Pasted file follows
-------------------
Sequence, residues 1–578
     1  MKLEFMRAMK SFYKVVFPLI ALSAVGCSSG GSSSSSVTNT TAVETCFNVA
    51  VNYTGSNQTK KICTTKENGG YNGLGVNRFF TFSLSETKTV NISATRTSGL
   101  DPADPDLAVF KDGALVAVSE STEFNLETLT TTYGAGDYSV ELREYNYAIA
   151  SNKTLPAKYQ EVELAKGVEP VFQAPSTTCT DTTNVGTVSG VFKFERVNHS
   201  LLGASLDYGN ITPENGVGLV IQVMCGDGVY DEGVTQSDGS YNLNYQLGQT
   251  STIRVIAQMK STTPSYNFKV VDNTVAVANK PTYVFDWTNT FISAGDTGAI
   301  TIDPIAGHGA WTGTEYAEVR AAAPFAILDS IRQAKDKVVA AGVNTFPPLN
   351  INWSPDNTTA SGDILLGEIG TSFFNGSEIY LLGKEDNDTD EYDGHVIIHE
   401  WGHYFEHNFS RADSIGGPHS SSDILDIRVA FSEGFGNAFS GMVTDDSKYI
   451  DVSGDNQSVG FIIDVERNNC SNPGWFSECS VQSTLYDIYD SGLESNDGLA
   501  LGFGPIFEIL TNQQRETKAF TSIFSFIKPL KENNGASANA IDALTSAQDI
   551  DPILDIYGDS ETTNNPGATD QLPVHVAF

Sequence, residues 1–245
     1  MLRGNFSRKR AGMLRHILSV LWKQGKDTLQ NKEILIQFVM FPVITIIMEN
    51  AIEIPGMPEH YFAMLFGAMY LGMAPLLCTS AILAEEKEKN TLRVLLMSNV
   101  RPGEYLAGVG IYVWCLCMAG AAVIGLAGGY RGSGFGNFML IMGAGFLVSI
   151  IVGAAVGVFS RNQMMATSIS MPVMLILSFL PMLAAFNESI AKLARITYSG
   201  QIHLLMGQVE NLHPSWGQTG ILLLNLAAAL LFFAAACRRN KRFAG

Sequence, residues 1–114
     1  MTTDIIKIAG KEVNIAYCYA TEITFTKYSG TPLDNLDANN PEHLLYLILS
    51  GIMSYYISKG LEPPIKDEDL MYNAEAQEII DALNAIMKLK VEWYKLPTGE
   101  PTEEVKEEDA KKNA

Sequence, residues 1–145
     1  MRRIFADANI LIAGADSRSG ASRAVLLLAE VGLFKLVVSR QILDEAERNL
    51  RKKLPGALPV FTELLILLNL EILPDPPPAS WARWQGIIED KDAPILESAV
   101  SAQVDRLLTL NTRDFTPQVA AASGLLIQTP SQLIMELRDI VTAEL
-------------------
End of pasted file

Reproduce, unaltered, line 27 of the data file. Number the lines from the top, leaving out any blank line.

   101  SAQVDRLLTL NTRDFTPQVA AASGLLIQTP SQLIMELRDI VTAEL